Pensioners to miss out on Age Concern Christmas dinner after funding cut

More than a hundred pensioners will miss their Christmas dinner this year as a tradition established more than 30 years ago comes to an end.

The Lerwick branch of Age Concern, which organised the popular event, has regretfully had to inform pensioners in the town that the free meal will no longer take place.

Branch secretary Wilma Halcrow said a cut-back in the council grant coupled with lack of volunteer cooks has resulted in the move.

The Christmas dinners were funded by the council and cooked by volunteers from the canteens at the town’s two primary schools, Bell’s Brae and Sound, who gave up their Saturdays once a year to do it.

But this year, said Mrs Halcrow, the council grant for the event has dropped from “quite a bit” to just £1,000, which does not cover the costs involved.

As the school canteens were no longer available, the only other option would have been to hire caterers. But that would have been “over the top”, she said. “Age Concern doesn’t have the money.”

Along with the others who enjoyed the meals over the years – they were open to every pensioner in the area – Mrs Halcrow is sorry to see them end. In the event’s heyday the schools played host to gatherings of around 150 at Bell’s Brae and 100 at Sound: “there were waiting lists”.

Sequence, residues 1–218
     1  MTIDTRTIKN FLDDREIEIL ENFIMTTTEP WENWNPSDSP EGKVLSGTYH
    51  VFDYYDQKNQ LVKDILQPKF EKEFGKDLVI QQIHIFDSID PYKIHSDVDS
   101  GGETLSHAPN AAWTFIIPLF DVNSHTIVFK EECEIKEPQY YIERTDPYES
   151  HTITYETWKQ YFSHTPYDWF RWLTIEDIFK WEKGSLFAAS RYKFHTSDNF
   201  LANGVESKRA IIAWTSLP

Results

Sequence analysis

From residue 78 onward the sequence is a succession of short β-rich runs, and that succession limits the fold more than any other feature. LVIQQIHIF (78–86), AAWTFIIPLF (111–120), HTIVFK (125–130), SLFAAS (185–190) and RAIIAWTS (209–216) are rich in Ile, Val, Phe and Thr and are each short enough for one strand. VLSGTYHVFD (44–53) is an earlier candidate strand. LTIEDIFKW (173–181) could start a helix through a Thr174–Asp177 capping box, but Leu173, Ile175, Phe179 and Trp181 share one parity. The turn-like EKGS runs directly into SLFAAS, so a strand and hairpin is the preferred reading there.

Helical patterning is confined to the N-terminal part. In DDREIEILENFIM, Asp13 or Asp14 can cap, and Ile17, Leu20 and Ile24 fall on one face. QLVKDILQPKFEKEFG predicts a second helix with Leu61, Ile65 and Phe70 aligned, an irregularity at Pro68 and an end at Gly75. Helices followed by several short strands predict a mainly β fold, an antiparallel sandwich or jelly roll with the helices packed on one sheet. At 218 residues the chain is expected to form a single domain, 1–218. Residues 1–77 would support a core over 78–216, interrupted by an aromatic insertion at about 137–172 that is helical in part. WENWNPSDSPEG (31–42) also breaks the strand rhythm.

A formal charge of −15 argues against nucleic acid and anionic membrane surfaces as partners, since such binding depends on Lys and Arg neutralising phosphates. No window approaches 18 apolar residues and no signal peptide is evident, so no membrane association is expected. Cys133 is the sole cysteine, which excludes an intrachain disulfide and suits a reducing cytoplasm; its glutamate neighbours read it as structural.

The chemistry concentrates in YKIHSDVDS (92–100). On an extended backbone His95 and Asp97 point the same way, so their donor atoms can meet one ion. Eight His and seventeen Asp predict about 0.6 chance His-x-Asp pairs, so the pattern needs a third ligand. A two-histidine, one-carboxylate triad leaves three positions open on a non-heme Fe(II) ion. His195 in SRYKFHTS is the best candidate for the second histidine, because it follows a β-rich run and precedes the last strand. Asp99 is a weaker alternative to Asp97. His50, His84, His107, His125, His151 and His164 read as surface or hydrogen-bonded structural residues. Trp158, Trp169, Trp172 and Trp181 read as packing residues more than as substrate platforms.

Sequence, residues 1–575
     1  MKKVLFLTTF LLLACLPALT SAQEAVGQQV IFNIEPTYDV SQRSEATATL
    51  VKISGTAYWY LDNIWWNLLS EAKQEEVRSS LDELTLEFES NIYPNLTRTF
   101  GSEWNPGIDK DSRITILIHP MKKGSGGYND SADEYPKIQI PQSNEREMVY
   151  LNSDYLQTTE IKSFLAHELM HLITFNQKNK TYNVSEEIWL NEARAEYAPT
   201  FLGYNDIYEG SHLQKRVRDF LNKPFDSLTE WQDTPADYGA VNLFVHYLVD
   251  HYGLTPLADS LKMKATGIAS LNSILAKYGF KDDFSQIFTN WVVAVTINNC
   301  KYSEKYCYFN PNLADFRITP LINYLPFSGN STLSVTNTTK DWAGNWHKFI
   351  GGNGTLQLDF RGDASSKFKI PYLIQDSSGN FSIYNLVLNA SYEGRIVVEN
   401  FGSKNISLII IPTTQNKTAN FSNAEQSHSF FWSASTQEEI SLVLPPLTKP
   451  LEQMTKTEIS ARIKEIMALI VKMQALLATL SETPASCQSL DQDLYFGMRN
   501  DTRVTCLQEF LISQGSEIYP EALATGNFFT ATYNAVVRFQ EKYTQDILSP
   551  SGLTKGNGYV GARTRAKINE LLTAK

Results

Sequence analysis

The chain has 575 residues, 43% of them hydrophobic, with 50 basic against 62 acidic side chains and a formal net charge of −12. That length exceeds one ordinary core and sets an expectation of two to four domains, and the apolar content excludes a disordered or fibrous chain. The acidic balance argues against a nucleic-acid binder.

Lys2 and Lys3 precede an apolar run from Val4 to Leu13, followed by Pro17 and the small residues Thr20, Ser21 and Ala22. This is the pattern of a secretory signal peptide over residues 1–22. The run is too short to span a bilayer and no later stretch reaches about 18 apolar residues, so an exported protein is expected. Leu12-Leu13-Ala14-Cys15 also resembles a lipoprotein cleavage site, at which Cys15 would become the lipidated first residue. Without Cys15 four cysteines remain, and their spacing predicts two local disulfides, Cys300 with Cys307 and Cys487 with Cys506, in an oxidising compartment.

The meals were served by the Age Concern committee and all the Christmas trimmings of crackers and sweets were laid on, together with a programme. “It was lovely to go out on a Saturday near Christmas for dinner and entertainment.” Numbers had dropped in recent years and last year there were only around 150 in total.

This year the only part of the tradition that will continue is the giving of small gifts to the housebound.

It is not known if the tradition of Christmas dinners could be revived in the future, said Mrs Halcrow – it depends on new people joining the flagging committee. “It’s difficult to get committee members now,” she said, “it was very successful in its day.”

The organisation which in 1978 became part of national charity Age Concern (now known as Age UK), was started in the 1950s by a group of town businessmen, with a committee which included two people from every local church, two from the welfare committee (now Social Work) and others from SWRIs.

The Christmas dinners gradually evolved and the charity also started the Good Companions Club, which will continue as normal between the months of October and April.

The Good Companions started a lunch club at Freefield (the lunches are now run by the council) and organises summer outings. All these events will carry on as normal.


Add Your Comment
  • john ridland

    • November 17th, 2010 12:11

    What a state ….. £283000 pay off to get rid of a uesless pen pusher……..
    And oil rich shetland cant give our old folk a hot meal at xmas….
    Its a bloody disgrace……..!!!!


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